Women's perceptions of participation in an extended contact text message-based weight loss intervention: an explorative study

Job, Jennifer R., Spark, Lauren C., Fjeldsoe, Brianna S., Eakin, Elizabeth G. and Reeves, Marina M. (2017) Women's perceptions of participation in an extended contact text message-based weight loss intervention: an explorative study. JMIR Mhealth and Uhealth, 5 2: e21. doi:10.2196/mhealth.6325


Author Job, Jennifer R.
Spark, Lauren C.
Fjeldsoe, Brianna S.
Eakin, Elizabeth G.
Reeves, Marina M.
Title Women's perceptions of participation in an extended contact text message-based weight loss intervention: an explorative study
Journal name JMIR Mhealth and Uhealth   Check publisher's open access policy
ISSN 2291-5222
Publication date 2017-02-01
Year available 2017
Sub-type Article (original research)
DOI 10.2196/mhealth.6325
Open Access Status DOI
Volume 5
Issue 2
Start page e21
Total pages 8
Place of publication Toronto, ON, Canada
Publisher J M I R Publications
Language eng
Abstract Background: Extending contact with participants after the end of an initial weight loss intervention has been shown to lead to maintained weight loss and related behavioral change. Mobile phone text messaging (short message service, SMS) offers a low-cost and efficacious method to deliver extended contact. In this rapidly developing area, formative work is required to understand user perspectives of text message technology. An extended contact intervention delivered by text messages following an initial telephone-delivered weight loss intervention in breast cancer survivors provided this opportunity.
Formatted abstract
Background: Extending contact with participants after the end of an initial weight loss intervention has been shown to lead to maintained weight loss and related behavioral change. Mobile phone text messaging (short message service, SMS) offers a low-cost and efficacious method to deliver extended contact. In this rapidly developing area, formative work is required to understand user perspectives of text message technology. An extended contact intervention delivered by text messages following an initial telephone-delivered weight loss intervention in breast cancer survivors provided this opportunity.

Objective: The aim of this study was to qualitatively explore women’s perceptions of participation in an extended contact intervention using text messaging to support long-term weight loss, physical activity, and dietary behavioral change.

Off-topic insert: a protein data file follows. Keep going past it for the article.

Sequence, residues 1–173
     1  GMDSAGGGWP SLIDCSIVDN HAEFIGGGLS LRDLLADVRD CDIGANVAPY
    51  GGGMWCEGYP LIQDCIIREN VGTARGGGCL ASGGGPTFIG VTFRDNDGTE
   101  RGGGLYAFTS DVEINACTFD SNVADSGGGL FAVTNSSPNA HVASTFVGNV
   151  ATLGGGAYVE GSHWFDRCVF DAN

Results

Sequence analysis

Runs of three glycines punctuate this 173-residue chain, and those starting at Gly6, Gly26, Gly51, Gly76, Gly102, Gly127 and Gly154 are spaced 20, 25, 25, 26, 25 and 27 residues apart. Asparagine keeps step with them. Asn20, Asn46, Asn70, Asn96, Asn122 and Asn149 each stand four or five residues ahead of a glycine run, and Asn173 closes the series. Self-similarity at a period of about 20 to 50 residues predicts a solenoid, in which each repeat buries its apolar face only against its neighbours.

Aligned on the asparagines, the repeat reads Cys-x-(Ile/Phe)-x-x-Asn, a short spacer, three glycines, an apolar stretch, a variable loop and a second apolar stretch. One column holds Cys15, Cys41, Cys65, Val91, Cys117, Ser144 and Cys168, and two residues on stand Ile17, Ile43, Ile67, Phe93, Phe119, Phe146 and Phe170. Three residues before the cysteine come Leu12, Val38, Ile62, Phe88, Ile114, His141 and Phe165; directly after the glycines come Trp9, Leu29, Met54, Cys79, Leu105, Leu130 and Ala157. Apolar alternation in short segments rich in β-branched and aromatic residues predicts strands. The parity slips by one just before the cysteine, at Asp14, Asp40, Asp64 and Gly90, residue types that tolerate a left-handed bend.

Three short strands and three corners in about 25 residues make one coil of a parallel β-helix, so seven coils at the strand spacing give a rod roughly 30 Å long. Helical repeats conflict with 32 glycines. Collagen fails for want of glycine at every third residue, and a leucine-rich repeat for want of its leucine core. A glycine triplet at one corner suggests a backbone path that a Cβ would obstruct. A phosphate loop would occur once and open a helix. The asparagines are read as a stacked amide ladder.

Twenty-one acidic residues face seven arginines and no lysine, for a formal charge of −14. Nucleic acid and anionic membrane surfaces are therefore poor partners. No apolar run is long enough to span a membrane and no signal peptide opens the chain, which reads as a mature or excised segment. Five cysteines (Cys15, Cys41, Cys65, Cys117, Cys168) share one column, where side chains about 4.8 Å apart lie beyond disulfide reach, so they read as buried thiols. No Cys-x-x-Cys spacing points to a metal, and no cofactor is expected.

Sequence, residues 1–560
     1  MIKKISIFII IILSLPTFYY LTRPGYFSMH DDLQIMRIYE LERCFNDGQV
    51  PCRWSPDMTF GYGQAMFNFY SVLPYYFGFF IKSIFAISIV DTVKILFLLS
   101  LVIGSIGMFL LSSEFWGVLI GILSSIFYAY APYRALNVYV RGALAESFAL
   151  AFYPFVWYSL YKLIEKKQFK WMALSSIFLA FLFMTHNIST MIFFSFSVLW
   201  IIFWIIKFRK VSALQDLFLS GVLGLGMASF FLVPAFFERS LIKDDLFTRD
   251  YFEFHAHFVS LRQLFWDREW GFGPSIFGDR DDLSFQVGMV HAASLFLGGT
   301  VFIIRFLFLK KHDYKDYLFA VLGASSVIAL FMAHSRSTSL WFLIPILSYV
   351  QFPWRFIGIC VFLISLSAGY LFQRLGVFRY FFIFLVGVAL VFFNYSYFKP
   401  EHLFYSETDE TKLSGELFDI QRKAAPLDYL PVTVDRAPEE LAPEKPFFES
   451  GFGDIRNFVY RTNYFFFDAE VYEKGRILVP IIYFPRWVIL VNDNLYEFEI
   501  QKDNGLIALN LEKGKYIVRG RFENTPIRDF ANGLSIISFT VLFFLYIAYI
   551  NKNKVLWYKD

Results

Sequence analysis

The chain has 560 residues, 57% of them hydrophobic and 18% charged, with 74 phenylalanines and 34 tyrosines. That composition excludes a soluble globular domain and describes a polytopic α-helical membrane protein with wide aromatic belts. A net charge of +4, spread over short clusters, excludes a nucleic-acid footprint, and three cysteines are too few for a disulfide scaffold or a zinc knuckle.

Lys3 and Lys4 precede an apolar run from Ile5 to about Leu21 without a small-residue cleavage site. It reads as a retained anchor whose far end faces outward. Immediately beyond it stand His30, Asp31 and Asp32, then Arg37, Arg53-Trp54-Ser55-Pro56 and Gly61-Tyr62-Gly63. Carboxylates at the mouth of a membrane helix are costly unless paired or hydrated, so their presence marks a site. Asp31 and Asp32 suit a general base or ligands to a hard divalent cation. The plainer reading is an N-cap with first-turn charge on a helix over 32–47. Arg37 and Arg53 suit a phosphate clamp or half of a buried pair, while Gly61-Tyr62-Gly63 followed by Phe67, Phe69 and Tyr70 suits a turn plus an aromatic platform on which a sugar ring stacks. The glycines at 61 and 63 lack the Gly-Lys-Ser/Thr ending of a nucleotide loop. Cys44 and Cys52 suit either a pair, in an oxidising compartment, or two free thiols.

Methods: Following the end of an initial 6-month randomized controlled trial of a telephone-delivered weight loss intervention (versus usual care), participants received a 6-month extended contact intervention via tailored text messages. Participant perceptions of the different types of text messages, the content, tailoring, timing, and frequency of the text messages, and the length of the intervention were assessed through semistructured interviews conducted after the extended contact intervention. The interviews were transcribed verbatim and analyzed with key themes identified.

Results: Participants (n=27) were a mean age of 56.0 years (SD 7.8) and mean body mass index of 30.4 kg/m2 (SD 4.2) and were at a mean of 16.1 months (SD 3.1) postdiagnosis at study baseline. Participants perceived the text messages to be useful behavioral prompts and felt the messages kept them accountable to their behavioral change goals. The individual tailoring of the text message content and schedules was a key to the acceptability of the messages; however, some women preferred the support and real-time discussion via telephone calls (during the initial intervention) compared with the text messages (during the extended contact intervention).

Conclusions: Text message support was perceived as acceptable for the majority of women as a way of extending intervention contact for weight loss and behavioral maintenance. Text messages supported the maintenance of healthy behaviors established in the intervention phase and kept the women accountable to their goals. A combination of telephone calls and text message support was suggested as a more acceptable option for some of the women for an extended contact intervention.
Keyword Exercise
Diet
Text messaging
Qualitative research
Overweight
Obesity
Weight loss
Q-Index Code C1
Q-Index Status Provisional Code
Institutional Status UQ

Document type: Journal Article
Sub-type: Article (original research)
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